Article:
More Blues in New Orleans
Congress is about to swamp plans for new hospitals downtown.
Poor New Orleans, poor Iraq vets. Trying to recover from Hurricane Katrina, the city is trying to build a medical complex downtown that includes the fabled Charity Hospital and a VA hospital, but Congress took a step backwards yesterday on the plan.
And wouldn't you know — the only House member standing up for the city during a hearing yesterday in D.C. was a guy with no cred, William Jefferson, the Louisiana Democrat indicted on corruption charges.
The city wants a rebuilt hospital complex to help revitalize its downtown. Care of New Orleans' people is also a consideration. But others want the hospital complex, which would include a VA hospital that was destroyed during Katrina, moved to the suburbs.
This is more than the continuous whitening strikes raining down on New Orleans. Some in Congress want the VA hospital put in Pensacola, Florida. Congressman Bill Miller from that area argues that New Orleans is too prone to flooding. He doesn't mention that Pensacola was ravaged by two hurricanes in 2004.
Some representatives of veterans have mixed feelings about putting a new VA hospital in downtown New Orleans. But one is desperately needed somewhere. As Kate Moran reports this morning on the excellent Times-Picayune site, nola.com:
We can't afford much else than the war in Iraq, thanks to our unjustified invasion four long years ago.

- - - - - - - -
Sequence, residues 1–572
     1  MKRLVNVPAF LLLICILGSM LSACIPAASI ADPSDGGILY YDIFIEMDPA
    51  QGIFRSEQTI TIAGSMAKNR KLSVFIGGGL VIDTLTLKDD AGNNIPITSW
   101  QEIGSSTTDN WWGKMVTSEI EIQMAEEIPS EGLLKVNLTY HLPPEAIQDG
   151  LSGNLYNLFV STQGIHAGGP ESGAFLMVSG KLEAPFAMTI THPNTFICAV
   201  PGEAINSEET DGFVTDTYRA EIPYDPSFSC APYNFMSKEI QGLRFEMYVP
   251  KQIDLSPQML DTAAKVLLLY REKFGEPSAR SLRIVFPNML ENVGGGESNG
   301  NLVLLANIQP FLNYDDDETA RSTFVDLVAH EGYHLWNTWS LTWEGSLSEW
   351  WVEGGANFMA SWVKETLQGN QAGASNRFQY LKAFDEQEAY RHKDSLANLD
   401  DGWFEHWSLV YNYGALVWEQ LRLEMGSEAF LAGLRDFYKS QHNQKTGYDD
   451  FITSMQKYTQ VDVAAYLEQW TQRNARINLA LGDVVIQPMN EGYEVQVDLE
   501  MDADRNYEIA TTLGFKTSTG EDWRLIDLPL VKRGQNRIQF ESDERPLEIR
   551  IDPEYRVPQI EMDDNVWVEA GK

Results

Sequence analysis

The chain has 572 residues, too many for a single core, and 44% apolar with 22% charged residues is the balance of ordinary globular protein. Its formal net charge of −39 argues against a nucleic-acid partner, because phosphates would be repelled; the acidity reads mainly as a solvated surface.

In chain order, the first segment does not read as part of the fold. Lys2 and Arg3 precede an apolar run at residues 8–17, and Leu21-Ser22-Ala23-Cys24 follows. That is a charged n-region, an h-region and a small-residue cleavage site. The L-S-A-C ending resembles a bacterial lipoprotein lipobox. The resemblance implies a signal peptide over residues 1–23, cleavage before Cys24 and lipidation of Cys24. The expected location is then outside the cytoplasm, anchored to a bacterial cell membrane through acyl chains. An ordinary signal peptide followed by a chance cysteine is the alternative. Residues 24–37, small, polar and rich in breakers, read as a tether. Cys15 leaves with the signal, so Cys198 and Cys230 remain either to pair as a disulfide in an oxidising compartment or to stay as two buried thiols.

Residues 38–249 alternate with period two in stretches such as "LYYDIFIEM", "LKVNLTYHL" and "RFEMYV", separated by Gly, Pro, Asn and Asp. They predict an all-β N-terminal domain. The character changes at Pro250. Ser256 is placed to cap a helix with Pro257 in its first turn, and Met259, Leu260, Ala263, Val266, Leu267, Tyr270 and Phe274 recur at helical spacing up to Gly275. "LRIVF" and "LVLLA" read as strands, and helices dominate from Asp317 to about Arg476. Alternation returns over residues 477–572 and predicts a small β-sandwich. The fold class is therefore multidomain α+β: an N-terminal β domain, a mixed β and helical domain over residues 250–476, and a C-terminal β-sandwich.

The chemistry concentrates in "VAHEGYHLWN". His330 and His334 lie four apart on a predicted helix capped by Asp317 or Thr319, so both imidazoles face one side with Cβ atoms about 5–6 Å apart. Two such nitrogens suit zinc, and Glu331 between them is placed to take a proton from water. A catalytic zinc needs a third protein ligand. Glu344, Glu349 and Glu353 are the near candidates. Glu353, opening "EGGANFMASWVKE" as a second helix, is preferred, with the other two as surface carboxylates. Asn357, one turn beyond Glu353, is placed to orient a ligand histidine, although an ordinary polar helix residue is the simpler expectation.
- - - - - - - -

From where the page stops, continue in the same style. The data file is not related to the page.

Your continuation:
A far more serious case of corruption than the William Jefferson case is that the U.S. Corps of Engineers was busy building dams, levees, hospitals, and health clinics in Iraq when Katrina ravaged New Orleans in the summer of 2005.
The city became a charity case, and its Charity Hospital, founded 250 years ago, was the exemplar, a huge hospital already crumbling when Katrina hit. Read Clayton James Cubitt's elegy from October 2005:
And a horror house during Katrina: Hundreds of patients, along with doctors and staff, were trapped by Katrina's floodwaters for nearly a week with no food, power, or water. Patients who died were moved into stairwells. Other hospitals were evacuated before rescuers focused on Charity.
Bush Beat reader Jeffrey Schwartz up at MIT, who tipped me off to this latest indignity to New Orleans, neatly sums up the political realities of the current situation:
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